Even when people moved away from their home county, they were almost sure to keep in touch, often through a letter to the editor of the hometown newspaper. Through these letters, it is possible to track the migration of people from one place to another. One such letter is the following written by R.B. Dorr, who moved from Crittenden County, Kentucky and eventually settled in Los Angeles, California. In the interest of brevity, the letter, which appeared in the 9 March 1905 issue of the Crittenden Press, has been abstracted.
"Los Angeles, Calf., 2.23, 1905. I feel very much like writing and telling you and my old friends of Marion and Crittenden county of my joys and sorrows, my ups and downs since leaving old Kentucky. I have met a great many friends of former years since coming west. Among them [is] Mrs. Julia Moore, widow of our lamented friend and pastor, W.T. Moore, remembered by a great many of your readers; another who long years ago left Marion and is almost forgotten by many of his friends, but who I have no doubt will be overjoyed to hear of him again, Harry McKinney. I have lived within 5 or 6 blocks of him for over two years and just run upon him last week. He carried me back over the flight of years to mine and Marion’s younger days when Charlie Gregory, Charlie Stinson, Calvin Elder, Press Woods and a host of other good fellows made life joyous and happy. Quite a number of Crittenden people are living in Los Angeles. I have met Frank Orr and his wife, Mrs. Addie Briggs, Charley Love. All are happy and contented in this beautiful land of sunshine and flowers.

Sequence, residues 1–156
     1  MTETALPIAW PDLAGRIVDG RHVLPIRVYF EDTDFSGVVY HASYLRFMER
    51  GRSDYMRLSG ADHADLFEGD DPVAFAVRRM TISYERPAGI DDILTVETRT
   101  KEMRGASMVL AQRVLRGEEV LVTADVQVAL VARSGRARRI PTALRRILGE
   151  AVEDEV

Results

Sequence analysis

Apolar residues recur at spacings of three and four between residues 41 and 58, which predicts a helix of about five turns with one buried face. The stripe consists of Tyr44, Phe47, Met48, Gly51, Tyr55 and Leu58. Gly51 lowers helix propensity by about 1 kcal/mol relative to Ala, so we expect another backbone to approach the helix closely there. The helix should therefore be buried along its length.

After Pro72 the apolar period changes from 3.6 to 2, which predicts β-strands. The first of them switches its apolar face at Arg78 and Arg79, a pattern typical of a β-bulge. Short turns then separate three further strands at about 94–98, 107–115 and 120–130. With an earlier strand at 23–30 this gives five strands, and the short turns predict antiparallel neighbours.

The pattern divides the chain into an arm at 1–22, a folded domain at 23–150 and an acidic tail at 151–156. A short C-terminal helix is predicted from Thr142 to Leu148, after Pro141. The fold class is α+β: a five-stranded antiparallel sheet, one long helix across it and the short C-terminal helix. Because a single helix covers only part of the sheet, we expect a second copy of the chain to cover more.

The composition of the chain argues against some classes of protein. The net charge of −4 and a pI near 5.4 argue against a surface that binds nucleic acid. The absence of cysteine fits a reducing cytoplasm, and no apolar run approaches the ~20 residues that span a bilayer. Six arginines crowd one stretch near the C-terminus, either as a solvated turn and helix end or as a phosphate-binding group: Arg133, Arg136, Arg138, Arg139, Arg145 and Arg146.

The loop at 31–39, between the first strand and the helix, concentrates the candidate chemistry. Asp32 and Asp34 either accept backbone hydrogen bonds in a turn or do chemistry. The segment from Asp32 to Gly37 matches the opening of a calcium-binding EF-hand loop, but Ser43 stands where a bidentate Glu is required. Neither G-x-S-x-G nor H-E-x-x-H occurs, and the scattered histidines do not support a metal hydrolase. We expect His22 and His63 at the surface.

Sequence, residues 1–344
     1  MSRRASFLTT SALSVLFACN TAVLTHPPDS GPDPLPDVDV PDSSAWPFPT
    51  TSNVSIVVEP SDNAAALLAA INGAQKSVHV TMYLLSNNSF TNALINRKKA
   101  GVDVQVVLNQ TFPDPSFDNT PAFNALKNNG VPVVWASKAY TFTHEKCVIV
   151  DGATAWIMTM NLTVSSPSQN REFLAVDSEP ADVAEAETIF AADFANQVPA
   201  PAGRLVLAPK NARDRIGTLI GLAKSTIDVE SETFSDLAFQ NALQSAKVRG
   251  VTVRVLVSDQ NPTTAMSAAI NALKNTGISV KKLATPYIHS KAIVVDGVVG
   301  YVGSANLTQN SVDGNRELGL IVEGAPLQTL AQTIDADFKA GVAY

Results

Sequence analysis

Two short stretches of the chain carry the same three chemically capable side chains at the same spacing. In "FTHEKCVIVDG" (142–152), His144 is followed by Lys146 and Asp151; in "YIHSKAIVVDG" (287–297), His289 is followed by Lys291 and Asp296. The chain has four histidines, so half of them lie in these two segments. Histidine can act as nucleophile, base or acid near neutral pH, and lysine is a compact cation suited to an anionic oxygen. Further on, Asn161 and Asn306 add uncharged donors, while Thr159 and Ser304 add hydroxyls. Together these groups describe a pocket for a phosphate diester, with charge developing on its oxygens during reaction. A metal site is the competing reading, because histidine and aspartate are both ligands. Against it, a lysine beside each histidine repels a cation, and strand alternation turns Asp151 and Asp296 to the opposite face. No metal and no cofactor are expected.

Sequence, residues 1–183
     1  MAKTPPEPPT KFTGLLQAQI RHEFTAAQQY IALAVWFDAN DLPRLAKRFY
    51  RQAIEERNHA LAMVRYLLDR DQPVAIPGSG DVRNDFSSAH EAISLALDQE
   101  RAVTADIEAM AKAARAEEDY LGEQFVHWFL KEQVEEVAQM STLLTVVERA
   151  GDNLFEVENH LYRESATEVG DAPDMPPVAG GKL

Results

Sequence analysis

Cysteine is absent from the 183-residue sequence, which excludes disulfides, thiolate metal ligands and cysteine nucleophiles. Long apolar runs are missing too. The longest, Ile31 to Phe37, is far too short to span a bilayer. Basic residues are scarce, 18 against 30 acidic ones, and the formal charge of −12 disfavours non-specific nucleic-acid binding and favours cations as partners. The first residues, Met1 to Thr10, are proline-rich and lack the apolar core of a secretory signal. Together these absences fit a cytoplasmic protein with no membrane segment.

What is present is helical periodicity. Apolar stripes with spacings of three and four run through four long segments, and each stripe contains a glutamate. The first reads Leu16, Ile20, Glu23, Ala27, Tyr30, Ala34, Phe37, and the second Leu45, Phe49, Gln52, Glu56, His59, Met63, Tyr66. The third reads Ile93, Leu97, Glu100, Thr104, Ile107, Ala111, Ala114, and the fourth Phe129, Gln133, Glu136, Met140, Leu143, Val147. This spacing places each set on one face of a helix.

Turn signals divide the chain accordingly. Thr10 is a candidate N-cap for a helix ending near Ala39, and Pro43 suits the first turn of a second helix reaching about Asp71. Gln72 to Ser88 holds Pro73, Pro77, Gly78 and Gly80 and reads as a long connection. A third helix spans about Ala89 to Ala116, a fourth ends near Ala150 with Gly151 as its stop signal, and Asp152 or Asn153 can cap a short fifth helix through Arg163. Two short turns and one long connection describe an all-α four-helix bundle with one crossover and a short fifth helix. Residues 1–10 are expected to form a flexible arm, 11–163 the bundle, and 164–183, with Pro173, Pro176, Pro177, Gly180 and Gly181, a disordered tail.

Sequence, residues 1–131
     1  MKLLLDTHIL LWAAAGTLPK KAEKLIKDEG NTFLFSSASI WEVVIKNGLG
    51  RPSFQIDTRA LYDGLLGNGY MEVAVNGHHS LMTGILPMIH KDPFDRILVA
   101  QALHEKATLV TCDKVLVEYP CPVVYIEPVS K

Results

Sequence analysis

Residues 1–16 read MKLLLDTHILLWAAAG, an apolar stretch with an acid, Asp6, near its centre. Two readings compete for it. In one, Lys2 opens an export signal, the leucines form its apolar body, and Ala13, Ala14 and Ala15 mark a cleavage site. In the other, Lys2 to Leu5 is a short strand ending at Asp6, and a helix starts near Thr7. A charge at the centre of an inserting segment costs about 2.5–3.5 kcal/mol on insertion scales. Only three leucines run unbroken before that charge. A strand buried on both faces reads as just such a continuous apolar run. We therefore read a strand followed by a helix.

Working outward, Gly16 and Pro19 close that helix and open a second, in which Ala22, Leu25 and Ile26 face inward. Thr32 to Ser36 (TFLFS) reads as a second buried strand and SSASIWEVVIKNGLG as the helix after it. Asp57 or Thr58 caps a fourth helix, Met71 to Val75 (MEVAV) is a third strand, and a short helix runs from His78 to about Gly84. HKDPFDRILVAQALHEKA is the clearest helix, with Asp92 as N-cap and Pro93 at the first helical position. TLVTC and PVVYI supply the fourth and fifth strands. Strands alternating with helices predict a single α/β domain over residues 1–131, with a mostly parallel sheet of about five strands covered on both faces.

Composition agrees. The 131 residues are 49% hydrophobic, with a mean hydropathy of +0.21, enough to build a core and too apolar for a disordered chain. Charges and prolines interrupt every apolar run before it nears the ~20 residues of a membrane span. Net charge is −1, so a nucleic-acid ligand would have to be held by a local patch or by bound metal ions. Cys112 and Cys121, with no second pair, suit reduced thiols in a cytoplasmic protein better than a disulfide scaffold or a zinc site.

Mrs. J.B. Kevil, wife of your city judge, Miss Rosa and Jammie, are enjoying life here, and by the way, Mrs. Kevil is looking well and enjoying better health than she has for many years. I think the judge would do the best thing he ever did were he to locate in this city and become like his better half - 20 years younger.
By the way, I want to thank my dear old friend, J.W. Bigham, for the poem "The Old Brick Church." Jim, it brought tears to the eyes of my wife and myself, for in reading it we could see the old church ... we could see the old church in its glory, plain in its furnishing and make up, but glorious in memory of the dear ones who worshiped and communed with us beneath its hallowed roof. Your friend, R.B. Dorr."
Richard Buntin Dorr married Sally Kit Stewart in Crittenden County in 1873. They first moved to Texas and later to Los Angeles, where R.B. Dorr died 29 Dec 1909.